Let’s face it: when the cold sets in, it’s easier to think of reasons to rest than staying active with your fitness routine. Truthfully, taking three (or more) months per year off from your health routine can have long-term consequences health. No more excuses! Here are some tips to keep you moving even when it’s cold out.

 

Invest in Exercise Equipment

Working out at home doesn’t have to be expensive. Investing in used equipment can help you save. Some of these items can be found at thrift stores, online, or at garage sales. Some ca even be made using household items. Choose equipment that you think you would enjoy using, such as:

  • Dumbbells
  • Exercise balls
  • Jump ropes
  • Mini-trampoline

Don’t forget the good old fashioned workout DVD. If you don’t want to buy brand new DVDs without first testing the workout, consider online streaming services or your local public library. There are plenty of options to let you explore workouts that will work for you. Many trainers have video workouts specifically tailored to seniors or conditions related to aging, such as arthritis.

 

Join a Local Health and Fitness Club

If getting up and getting out the house is important to you, join your local fitness club. If you’re a Medicare participant, check to see if your supplement plans include a Silver Sneakers membership. This perk allows you to get a free membership, without having to pay membership or maintenance fees at participating club chains.

Most popular gym franchises accept Silver Sneaker membership while others may offer their own specialty senior programs. If you don’t qualify, check to see if senior discounts are offered to make your membership more affordable. Often cities provide their own public gym at the recreation center; dial 311 for more local information.

Find an indoor pool. Have a swim alone, with a friend, or check out what classes they have to offer. You can use it year round to take advantage of water aerobics for a low impact workout that is good for your joints.

 

Walk Laps Around the Mall

If you’re used to walking laps around the neighborhood, use the mall as your own personal indoor track. There are plenty of places to sit down when you need to rest plus even surfaces and plenty of witnesses in case of a fall or slip. If you’re vulnerable to shopping sprees, it may be best to leave the debit card at home and bring only enough cash for something to drink when you’re finished with your workout.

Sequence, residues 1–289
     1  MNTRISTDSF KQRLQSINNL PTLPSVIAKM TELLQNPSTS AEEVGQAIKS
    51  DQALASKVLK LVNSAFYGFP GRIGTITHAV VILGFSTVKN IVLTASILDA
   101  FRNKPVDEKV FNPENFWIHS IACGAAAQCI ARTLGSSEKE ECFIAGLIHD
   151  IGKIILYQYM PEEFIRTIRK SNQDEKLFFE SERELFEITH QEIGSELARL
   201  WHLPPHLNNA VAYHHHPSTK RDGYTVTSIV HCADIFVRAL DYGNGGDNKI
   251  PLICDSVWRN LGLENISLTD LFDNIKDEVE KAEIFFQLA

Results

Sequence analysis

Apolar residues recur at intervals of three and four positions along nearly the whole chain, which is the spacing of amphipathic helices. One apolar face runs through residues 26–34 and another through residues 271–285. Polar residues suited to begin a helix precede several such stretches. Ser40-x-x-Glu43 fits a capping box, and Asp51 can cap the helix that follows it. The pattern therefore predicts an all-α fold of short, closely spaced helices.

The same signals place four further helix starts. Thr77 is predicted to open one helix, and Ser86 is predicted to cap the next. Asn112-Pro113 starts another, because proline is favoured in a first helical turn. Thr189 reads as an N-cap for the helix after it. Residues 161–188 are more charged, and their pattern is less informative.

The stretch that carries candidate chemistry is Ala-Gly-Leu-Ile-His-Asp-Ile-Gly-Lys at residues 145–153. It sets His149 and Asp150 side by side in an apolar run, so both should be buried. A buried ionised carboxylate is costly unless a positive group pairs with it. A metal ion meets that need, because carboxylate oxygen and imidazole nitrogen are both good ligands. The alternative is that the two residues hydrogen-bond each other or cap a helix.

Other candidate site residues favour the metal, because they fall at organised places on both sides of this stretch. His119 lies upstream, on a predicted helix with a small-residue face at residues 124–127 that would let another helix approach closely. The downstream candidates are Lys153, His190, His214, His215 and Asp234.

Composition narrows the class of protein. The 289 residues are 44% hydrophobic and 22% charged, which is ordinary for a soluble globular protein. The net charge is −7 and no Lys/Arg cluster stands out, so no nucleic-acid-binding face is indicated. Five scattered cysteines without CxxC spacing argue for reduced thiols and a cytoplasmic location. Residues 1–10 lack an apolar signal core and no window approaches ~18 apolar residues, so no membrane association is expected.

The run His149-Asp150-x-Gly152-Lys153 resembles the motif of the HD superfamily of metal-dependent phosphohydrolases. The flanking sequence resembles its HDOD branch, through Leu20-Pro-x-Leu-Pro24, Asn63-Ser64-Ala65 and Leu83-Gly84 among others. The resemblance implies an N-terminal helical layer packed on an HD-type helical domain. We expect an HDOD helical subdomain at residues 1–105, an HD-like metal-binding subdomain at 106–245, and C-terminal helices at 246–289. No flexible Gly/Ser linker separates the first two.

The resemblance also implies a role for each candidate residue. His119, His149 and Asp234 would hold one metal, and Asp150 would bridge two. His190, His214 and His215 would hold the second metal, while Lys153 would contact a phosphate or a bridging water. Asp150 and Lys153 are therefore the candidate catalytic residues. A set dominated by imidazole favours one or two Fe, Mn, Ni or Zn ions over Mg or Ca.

Dress Appropriately When Exercising Outside

If you do decide to workout outside, make sure you pay attention to weather conditions and wear the right clothing. Dress in layers and wear non-slip shoes; make sure to cover fingers, nose, and ears. If conditions are slippery, consider exercising indoors for the day because exercise isn’t worth the risk of injury.

Remember, every little bit counts. If you have to shovel your driveway, this counts as activity. You don’t have to plan a workout every day in order to be successful, just make sure you are getting some form of activity every day. Try to remain aware of how many hours are spent sitting and sleeping; sedentary lifestyles tend to lead to other prevalent health problems. Staying active keeps you feeling great, but if you’re sick or injured, listen to your body and allow it to get the rest it needs. Any exercise you do should be cleared with a medical professional before you begin as some specific exercises can antagonize injury or illness.

Remember: remain active daily, rest when injured, stay hydrated, and have fun!

 

 


The information provided on this site is for informational purposes only and is not intended to be a substitute for professional medical advice, diagnosis, or treatment. The information, including but not limited to, text, graphics, images and other material found on this website is intended to promote and encourage consumer understanding and should not be considered alternative or supplementary medical advice. If you have any concerns regarding your health or physical condition, seek the advice of a licensed qualified healthcare provider. Be sure to discuss any changes or concerns with your doctor before beginning a new healthcare regimen, undergoing any procedures, or changing current healthcare plans. Seniors and Health does not claim medical representation and assumes no responsibility in the accuracy of the information available on this website.

 


To learn about other common health concerns among senior, check out our Health and Conditions page; we also provide information on senior care options on our Assisted Living page.

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About the Author: Victoria K. Stickley is a copywriter, editor, and senior content manager based in the Dallas area. Her graduate education in counseling and research has helped immensely in her writing as well as the care she provides for her grandparents. She currently provides support and resources to senior care websites as she learns and experiences senior care first-hand.

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